The fluorescence properties of aerosol larger than 0.8 μm in urban and tropical rainforest locations
1Centre for Atmospheric Science, University of Manchester, UK
2Science and Technology Research Institute, University of Hertfordshire, UK
Abstract. UV-LIF measurements were performed on ambient aerosol in Manchester, UK (urban city centre, winter) and Borneo, Malaysia (remote, tropical) using a Wide Issue Bioaerosol Spectrometer, version 3 (WIBS3). These sites are taken to represent environments with minor and significant primary biological aerosol (PBA) influences respectively, and the urban dataset describes the fluorescent background aerosol against which PBA must be identified by researchers using LIF. The ensemble aerosol at both sites was characterised over 2–3 weeks by measuring the fluorescence intensity and optical equivalent diameter (DP) of single particles sized 0.8 ≤ DP ≤ 20 μm. Filter samples were also collected for a subset of the Manchester campaign and analysed using energy dispersive X-Ray (EDX) spectroscopy and environmental scanning electron microscopy (ESEM), which revealed mostly non-PBA at D ≤ 1 μm.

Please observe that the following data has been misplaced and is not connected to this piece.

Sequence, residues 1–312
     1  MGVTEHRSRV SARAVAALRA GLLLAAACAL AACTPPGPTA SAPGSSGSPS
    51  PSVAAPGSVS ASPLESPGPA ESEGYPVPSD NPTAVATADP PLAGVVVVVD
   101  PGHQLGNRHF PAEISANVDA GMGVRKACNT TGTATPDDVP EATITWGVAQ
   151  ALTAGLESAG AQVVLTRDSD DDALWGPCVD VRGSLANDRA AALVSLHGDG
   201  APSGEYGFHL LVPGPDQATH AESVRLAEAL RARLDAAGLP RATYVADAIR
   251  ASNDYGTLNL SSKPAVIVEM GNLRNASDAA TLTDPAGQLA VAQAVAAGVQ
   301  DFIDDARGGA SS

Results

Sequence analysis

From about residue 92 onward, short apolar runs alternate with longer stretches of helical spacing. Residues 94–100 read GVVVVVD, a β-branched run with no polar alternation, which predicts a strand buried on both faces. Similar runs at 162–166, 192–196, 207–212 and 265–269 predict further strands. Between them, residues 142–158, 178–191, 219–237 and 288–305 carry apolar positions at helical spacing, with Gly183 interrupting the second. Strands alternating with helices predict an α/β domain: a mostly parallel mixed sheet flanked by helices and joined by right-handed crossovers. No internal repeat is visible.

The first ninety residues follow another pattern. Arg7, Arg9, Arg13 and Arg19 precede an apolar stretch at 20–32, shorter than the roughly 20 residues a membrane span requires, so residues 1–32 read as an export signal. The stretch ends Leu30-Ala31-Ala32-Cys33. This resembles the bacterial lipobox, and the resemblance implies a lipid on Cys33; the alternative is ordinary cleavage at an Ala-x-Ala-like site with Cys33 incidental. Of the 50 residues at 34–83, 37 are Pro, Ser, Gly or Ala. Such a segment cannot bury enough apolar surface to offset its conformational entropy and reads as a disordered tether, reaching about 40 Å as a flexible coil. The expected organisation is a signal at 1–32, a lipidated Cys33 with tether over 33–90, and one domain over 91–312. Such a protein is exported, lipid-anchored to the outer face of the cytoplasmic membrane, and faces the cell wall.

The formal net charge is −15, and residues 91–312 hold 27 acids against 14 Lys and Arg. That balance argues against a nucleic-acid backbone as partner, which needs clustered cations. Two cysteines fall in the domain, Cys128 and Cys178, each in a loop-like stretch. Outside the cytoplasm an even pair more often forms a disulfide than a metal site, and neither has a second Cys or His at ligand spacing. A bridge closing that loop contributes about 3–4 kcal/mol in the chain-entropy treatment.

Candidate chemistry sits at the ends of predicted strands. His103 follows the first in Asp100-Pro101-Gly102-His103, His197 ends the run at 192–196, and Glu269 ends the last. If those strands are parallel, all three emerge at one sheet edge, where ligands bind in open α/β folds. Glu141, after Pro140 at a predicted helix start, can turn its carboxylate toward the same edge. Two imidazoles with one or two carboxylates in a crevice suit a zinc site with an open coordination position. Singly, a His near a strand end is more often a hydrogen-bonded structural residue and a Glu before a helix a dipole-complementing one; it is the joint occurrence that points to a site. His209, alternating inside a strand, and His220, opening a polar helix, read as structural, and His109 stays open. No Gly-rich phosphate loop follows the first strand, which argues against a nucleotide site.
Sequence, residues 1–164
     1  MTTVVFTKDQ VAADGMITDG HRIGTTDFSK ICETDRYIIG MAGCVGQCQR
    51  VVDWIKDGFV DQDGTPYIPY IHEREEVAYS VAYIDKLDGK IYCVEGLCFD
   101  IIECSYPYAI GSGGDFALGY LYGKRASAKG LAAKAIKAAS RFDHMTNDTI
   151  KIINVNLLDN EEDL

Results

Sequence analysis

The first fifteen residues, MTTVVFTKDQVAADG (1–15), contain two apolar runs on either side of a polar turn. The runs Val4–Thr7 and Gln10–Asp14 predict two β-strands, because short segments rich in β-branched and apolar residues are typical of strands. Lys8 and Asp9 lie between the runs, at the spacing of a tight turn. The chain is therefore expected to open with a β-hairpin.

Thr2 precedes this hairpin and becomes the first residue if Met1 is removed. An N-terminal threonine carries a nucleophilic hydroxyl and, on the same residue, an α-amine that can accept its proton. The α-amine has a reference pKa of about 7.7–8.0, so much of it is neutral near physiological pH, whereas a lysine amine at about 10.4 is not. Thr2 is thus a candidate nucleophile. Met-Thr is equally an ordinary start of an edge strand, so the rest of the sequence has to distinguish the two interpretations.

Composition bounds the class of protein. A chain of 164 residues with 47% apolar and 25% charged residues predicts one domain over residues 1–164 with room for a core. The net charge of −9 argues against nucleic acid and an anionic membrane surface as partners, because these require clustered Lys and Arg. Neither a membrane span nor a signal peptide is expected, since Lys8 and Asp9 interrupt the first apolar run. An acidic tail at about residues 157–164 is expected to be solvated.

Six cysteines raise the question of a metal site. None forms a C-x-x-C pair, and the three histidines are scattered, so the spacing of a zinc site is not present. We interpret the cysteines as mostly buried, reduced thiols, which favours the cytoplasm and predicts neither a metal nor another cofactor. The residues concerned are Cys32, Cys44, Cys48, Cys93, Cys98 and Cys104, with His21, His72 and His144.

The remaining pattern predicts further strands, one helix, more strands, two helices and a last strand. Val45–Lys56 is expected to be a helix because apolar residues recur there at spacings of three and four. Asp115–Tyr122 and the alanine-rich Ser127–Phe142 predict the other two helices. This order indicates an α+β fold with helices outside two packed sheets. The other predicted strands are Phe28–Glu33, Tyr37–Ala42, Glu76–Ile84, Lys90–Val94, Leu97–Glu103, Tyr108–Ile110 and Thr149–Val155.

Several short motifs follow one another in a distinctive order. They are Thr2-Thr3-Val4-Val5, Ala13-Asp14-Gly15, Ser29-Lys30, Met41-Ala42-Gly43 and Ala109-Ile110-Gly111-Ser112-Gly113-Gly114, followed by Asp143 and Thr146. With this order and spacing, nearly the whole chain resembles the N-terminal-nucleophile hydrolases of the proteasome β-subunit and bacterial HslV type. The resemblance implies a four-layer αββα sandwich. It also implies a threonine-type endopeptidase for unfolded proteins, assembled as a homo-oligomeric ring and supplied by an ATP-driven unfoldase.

The WIBS3 features three fluorescence channels: the emission following a 280 nm excitation is recorded at 310–400 nm (channel F1) and 400–600 nm (F2), and fluorescence excited at 350 nm is detected at 400–600 nm (F3). In Manchester the primary size mode of fluorescent and non-fluorescent material was present at 0.8–1.2 μm, with a secondary fluorescent mode at 2–4 μm. In Borneo non-fluorescent material peaked at 0.8–1.2 μm and fluorescent at 3–4 μm. Agreement between fluorescent number concentrations in each channel differed at the two sites, with F1 and F3 reporting similar concentrations in Borneo but F3 outnumbering F1 by a factor of 2–3 across the size spectrum in Manchester.
The fluorescence intensity in each channel generally rose with DP at both sites with the exception of F1 intensity in Manchester, which peaked at DP = 4 μm, causing a divergence between F1 and F3 intensity at larger DP. This divergence and the differing fluorescent particle concentrations demonstrate the additional discrimination provided by the F1 channel in Manchester. The relationships between fluorescence intensities in different pairs of channels were also investigated as a function of DP. Differences between these metrics were apparent at each site and provide some distinction between the two datasets. Finally, particle selection criteria based on the Borneo dataset were applied to identify a median concentration of 10 "Borneo-like" fluorescent particles per litre in Manchester.